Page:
PESHAWAR: Pakistan’s long struggle with terrorism may have had a devastating impact on infrastructure in the former tribal areas, but one thing the scourge could not extinguish was its resilient residents’ love for the sport. Despite losing invaluable training and sports facilities, talented athletes from the once federally administered tribal belt have strived day and night to hone their abilities driven only by pure passion.
On such athlete is 30-year-old South Waziristan resident Irfan Mehsud who has taken it upon himself to dominate the record books. With some 25 world records to his name in the Guinness Book of World Records, the practitioner of gymnastics and martial arts now runs a club to train youngsters from the newly-merged district into a generation of world record beaters.
Irfan set his first record in 2016 by performing 87 knee strikes in one minute. He set his latest one just last year, by performing 48 push-ups on one foot in a minute while weighing himself down with 60 kilogrammes, breaking the previous record by Indian national Ishwani Kumar.
“I developed an interest in martial arts and gymnastics in 2005, shortly after I had passed matriculation,” Irfan told The Express Tribune. “I started practising gymnastics, callisthenics and knee strikes at home, and would do so day and night.”
Lawlessness and extremism in South Waziristan forced Irfan and his family to migrate to Dera Ismail Khan. But instead of letting the move hold him back, the youth opened up a club in the district with the aim of teaching other displaced youngsters about physical fitness. Once peace was restored to his native district, he moved back along with his club.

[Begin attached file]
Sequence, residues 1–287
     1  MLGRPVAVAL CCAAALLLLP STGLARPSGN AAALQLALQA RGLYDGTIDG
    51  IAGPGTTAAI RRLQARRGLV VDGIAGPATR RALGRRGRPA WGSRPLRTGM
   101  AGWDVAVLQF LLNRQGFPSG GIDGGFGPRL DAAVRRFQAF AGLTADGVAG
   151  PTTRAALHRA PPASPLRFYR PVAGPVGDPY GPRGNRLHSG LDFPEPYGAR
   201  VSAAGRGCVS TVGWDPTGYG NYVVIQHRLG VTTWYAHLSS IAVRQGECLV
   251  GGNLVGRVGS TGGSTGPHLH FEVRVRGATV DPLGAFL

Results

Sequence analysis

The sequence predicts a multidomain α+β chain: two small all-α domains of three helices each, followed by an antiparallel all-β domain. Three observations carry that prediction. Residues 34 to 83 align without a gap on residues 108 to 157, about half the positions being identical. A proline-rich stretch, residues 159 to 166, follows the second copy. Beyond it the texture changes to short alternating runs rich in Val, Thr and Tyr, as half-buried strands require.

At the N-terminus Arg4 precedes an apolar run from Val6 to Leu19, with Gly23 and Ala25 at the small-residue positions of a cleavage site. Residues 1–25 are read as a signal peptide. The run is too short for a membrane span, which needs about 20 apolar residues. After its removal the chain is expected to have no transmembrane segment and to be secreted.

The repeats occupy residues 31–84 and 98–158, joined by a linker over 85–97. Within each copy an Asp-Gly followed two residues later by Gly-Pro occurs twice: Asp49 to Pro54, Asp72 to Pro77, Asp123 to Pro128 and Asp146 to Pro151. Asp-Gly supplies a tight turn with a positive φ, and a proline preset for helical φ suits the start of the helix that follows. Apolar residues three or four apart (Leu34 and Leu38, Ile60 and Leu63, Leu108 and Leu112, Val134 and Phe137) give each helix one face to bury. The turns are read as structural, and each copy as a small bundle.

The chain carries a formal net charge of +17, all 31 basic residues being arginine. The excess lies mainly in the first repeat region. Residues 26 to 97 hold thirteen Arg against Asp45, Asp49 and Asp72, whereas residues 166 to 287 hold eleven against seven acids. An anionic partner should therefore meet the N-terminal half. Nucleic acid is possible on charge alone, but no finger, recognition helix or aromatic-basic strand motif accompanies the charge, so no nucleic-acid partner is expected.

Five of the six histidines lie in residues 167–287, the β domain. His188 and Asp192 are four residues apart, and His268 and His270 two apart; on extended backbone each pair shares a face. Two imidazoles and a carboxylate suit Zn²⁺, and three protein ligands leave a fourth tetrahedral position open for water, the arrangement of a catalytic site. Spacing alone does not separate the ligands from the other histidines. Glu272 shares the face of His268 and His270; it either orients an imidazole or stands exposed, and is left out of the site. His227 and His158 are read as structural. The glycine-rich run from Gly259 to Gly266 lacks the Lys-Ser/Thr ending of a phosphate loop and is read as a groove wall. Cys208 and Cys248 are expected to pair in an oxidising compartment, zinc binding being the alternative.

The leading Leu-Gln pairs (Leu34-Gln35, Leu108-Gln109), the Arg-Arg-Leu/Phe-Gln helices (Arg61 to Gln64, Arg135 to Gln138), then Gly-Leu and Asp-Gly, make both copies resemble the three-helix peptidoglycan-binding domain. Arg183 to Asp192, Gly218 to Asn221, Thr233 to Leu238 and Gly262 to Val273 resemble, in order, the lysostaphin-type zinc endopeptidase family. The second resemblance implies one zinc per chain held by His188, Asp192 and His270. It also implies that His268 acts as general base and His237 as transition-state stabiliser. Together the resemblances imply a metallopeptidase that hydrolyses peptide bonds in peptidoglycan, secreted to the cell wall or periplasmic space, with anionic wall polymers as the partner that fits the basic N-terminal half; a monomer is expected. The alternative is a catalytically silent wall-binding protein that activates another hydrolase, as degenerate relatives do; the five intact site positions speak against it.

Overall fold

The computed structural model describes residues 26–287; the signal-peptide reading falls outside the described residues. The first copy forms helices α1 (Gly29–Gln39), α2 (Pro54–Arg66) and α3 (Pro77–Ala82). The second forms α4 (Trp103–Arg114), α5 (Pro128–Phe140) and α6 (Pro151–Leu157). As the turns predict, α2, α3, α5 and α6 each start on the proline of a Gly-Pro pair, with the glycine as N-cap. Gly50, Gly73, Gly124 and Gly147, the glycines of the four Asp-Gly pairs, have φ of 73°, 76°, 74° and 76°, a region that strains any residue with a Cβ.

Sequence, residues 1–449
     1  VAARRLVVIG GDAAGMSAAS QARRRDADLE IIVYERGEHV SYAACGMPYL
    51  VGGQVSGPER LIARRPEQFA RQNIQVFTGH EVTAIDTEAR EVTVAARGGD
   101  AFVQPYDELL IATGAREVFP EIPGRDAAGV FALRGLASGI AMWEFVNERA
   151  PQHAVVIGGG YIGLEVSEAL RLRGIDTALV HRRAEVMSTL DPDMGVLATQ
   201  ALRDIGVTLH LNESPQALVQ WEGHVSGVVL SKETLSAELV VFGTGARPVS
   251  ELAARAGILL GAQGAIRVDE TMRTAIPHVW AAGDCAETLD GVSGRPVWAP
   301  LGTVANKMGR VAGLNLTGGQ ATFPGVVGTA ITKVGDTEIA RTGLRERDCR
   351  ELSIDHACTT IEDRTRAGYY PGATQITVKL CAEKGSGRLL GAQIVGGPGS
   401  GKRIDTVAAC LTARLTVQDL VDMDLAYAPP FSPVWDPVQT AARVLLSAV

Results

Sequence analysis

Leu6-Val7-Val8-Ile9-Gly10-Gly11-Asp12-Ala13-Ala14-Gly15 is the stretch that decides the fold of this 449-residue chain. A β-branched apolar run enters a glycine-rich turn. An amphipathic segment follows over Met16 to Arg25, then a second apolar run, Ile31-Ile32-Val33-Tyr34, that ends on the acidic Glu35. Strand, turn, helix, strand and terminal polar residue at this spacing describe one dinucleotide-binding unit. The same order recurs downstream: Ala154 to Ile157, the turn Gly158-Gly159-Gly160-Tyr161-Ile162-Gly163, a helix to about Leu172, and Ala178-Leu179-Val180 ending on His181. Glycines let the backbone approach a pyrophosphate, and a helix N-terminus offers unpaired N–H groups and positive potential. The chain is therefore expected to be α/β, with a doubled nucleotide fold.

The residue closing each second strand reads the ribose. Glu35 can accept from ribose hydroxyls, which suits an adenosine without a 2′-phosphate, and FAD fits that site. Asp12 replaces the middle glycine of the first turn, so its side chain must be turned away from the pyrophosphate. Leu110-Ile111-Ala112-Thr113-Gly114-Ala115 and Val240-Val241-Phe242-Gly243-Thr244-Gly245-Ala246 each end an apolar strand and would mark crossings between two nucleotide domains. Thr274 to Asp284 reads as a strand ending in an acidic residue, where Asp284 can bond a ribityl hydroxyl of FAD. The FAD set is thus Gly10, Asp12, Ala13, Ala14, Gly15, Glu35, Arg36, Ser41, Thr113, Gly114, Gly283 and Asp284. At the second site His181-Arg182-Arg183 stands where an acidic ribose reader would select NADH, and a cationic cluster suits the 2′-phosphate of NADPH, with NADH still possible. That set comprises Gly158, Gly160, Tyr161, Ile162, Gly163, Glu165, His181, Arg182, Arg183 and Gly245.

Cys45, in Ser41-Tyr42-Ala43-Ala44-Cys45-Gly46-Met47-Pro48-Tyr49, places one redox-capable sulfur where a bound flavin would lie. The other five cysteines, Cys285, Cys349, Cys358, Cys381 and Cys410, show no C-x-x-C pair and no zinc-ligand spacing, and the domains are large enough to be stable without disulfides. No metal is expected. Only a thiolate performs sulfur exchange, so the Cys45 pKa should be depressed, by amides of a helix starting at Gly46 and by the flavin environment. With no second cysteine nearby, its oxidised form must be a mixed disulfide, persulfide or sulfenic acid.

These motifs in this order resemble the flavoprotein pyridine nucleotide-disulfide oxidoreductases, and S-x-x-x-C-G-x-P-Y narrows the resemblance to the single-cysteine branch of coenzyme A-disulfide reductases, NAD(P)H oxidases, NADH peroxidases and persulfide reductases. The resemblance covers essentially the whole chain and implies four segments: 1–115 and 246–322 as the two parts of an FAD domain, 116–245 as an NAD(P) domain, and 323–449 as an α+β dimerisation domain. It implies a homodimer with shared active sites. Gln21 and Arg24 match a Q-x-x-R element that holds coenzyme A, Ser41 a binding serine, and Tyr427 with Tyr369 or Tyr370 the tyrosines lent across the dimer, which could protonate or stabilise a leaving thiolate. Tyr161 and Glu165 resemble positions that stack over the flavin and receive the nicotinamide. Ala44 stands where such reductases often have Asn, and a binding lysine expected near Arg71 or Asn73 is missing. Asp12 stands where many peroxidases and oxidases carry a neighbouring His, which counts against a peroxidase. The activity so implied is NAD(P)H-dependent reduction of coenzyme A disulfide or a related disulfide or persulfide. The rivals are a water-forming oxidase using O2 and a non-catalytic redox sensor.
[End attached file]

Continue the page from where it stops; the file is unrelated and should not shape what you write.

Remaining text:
“Since 2016, I have trained more than 400 children from the tribal areas, many of whom have gone on to win plaudits at the domestic and international levels,” he said beaming with pride.
A nine-year-old student of his, Rizwan, who also hails from South Waziristan, set a world record himself by performing 30 helicopter spins in 30 seconds. His name too rests in the Guinness Book of World Records.
“We are highly motivated and want to promote Pakistan on the world stage,” said Rizwan. “I go to the club every day after school to enhance my skills, but we would do so much better if we had more equipment and resources. At present, we can only practice in the small ground of a private school in the evening.”
The youngster lamented that the government had not stepped in to support the South Waziristan Children’s Club which had already made a name for the country despite modest facilities. “If we were provided with a proper gymnastics training facility, we could secure even more prestigious titles for Pakistan,” he said.
The South Waziristan Children’s Club currently hosts 46 children and young adults, providing them with physical training and advice on practising gymnastics and martial arts. “If the government will provide us with a building or proper space, dozens of children from this region will win accolades for the country in many physical disciplines,” said Irfan, who at present, runs the club single-handedly.
When contacted, Khyber-Pakthunkhwa Sports Minister Atif Khan said the provincial government is paying special attention to sports in the tribal districts. “We have allocated Rs2.16 billion for sports projects in the province in this year’s budget and plan to build as many as 1,000 stadiums, both big and small,” he said. “Rs8 billion have also been approved to promote sports in the former tribal areas and this money will be used to provide the region’s residents world-class facilities.”
Published in The Express Tribune, January 13th, 2020.